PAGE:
Presentation on theme: "Chapter 3.3. The word sedimentary comes from the latin word sedimentum, which means “settling”. Sedimentary rocks form when sediments settle out and."— Presentation transcript:
The word sedimentary comes from the latin word sedimentum, which means “settling”. Sedimentary rocks form when sediments settle out and are deposited, usually from water, but occasionally from wind or glaciers.
The first three processes involved in the formation of Sedimentary Rocks are Weathering, Erosion, and Deposition. Weathering means to break rock down into smaller parts called sediment. Erosion is when the broken rock fragments are carried away by water, wind, or ice (glaciers). Deposition is when the water, wind, or ice slows down enough to deposit the sediment.
Example of Weathering This River is Eroding away the Sediments of this Canyon Sediment is being Deposited By this River Delta Summary of the Process Environments of Deposition
Because gravity plays a factor when sediments are transported by water, wind, and ice, the heaviest and largest sediments settle out first and the smallest settle out last. This causes a process in geology known as sorting.
After the sediments become deposited, they must first get compacted or squeezed by the pressure and weight of more sediment on top. Compaction squeezes the water out, leaving behind minerals in the spaces left behind. Those dissolved minerals act like a glue to cement the sediments together.
Sedimentary Rocks are grouped by Geologists into two different groups based on the way they were formed. Clastic Sedimentary Rocks are made up of broken rock fragments called clastics. Chemical Sedimentary Rocks are usually formed when dissolved minerals separate out of water. But they can also be formed by biological processes.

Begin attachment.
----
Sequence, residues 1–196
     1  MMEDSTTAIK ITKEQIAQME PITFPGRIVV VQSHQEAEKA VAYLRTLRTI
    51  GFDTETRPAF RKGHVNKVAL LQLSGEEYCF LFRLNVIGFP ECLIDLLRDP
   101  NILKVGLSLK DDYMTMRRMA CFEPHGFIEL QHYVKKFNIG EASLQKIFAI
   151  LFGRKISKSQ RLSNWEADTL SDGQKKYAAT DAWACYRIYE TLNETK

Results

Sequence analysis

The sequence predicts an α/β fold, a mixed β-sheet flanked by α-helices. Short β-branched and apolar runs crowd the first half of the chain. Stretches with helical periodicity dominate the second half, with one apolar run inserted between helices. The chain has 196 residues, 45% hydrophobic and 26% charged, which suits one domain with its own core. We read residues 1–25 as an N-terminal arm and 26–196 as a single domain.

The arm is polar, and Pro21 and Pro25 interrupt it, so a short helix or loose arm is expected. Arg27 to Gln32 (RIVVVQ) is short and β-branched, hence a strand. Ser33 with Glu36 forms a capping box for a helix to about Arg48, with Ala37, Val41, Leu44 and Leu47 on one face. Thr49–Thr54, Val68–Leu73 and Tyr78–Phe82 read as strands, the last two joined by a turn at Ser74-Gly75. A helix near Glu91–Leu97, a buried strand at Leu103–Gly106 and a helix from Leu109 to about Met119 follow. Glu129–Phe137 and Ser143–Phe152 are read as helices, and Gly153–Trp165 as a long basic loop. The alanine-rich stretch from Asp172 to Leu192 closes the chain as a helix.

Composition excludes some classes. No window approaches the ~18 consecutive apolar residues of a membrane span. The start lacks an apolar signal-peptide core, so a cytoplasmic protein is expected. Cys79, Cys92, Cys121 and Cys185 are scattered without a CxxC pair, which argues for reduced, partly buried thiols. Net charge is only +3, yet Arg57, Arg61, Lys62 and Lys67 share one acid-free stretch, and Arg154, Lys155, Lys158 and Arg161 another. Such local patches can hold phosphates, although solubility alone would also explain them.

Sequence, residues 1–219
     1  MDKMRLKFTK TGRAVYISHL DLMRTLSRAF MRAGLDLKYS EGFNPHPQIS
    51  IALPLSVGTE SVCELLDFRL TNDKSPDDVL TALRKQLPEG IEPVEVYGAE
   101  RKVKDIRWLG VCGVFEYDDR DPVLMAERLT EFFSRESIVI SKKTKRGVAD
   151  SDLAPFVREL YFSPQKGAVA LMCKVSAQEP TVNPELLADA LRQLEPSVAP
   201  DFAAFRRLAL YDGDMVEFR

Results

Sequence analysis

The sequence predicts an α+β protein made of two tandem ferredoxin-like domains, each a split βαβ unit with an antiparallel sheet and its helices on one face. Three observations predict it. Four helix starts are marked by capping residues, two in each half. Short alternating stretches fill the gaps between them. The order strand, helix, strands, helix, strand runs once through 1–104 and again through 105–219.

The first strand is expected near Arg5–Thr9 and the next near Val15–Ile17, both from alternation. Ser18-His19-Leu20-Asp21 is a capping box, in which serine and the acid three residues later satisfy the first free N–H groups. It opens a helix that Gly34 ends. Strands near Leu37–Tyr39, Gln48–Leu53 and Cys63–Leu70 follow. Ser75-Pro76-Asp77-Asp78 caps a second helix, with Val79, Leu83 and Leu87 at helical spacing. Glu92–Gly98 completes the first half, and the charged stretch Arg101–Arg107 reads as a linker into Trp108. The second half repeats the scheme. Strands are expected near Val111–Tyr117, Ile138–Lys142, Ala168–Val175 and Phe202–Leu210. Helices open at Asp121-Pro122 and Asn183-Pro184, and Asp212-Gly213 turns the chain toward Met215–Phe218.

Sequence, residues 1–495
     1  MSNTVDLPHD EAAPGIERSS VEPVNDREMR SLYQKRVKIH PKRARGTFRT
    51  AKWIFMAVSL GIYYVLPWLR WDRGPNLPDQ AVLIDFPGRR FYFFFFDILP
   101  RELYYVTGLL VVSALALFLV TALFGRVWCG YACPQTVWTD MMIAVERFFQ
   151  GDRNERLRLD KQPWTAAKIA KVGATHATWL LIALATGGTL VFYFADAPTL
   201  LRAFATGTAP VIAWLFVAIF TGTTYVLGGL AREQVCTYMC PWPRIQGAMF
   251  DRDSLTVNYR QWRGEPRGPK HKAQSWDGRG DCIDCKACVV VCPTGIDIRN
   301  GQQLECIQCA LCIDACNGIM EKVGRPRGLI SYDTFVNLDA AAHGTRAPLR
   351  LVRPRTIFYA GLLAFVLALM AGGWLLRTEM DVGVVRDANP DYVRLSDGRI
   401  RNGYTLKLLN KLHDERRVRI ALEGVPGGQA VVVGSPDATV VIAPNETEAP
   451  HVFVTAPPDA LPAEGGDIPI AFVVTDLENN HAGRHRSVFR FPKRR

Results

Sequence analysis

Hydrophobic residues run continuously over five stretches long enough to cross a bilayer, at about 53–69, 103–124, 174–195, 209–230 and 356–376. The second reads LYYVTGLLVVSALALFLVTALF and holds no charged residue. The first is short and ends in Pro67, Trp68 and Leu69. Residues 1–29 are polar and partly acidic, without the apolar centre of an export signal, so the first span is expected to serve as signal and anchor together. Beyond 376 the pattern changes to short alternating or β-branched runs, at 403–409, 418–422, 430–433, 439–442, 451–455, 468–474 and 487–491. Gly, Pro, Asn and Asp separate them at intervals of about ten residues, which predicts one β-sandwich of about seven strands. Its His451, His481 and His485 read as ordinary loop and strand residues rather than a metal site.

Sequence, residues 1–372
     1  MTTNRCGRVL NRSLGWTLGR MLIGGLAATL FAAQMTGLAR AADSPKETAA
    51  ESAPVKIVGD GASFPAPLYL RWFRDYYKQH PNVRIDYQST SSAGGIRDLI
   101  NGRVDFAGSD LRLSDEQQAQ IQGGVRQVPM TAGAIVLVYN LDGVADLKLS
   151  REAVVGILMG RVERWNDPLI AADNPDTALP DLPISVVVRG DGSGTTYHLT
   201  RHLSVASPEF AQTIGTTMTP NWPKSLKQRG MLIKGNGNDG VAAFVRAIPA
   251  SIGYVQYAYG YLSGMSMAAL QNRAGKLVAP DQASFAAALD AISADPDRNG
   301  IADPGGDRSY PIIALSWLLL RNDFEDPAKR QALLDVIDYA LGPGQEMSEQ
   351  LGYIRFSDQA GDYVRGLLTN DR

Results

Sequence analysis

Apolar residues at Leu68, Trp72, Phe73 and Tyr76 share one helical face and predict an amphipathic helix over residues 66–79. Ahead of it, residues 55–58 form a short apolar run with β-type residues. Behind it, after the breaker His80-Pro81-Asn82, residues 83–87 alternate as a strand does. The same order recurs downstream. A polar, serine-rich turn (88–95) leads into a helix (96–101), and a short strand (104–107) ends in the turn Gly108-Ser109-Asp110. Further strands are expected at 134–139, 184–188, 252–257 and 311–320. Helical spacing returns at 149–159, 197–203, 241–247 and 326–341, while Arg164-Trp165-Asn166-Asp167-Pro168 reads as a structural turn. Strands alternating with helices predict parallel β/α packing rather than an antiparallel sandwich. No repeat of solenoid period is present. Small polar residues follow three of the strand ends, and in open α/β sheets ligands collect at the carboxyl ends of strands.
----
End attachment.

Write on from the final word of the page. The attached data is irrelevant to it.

Clastic Sedimentary Rocks can further be classified based on grain size. Clastic Sedimentary Rocks, classified by grain size can also be subdivided by grain composition, maturity and sorting.
Conglomerate Breccia Quartz Sandstone Arkose Sandstone – sand grains mixed with feldspar Siltstone – Feels like fine sandpaper Shale – Very fine sandpaper with the consistency of flour
Chemical Sedimentary Rocks are a little more complicated than the clastics. Chemical Sedimentary Rocks with the mineral calcite can be further classified by texture. Crystalline Limestone and Travertine have a coarse crystalline texture. Coquina, Fossiliferous Limestone, and Chalk all have seashell of various sizes mixed in them.
Crystalline Limestone Travertine Coquina – Loosely Compacted shells cemented together Fossiliferous Limestone Chalk The nice thing about all of these rocks is that all of them react with acid, because they are made of the mineral calcite.
Flint and Chert are both made of Quartz so they are very hard and can scratch glass. Conchoidal fracture is also a property that can help identify both Flint and Chert. Gypsum and Rock Salt both have a crystalline texture, but only rock salt has a salty taste, and neither one of these reacts with acid. Bituminous Coal has a dark black color.
Chert Chert and Flint Arrowheads Gypsum Rock Salt Bituminous Coal Coal Seams in Alaska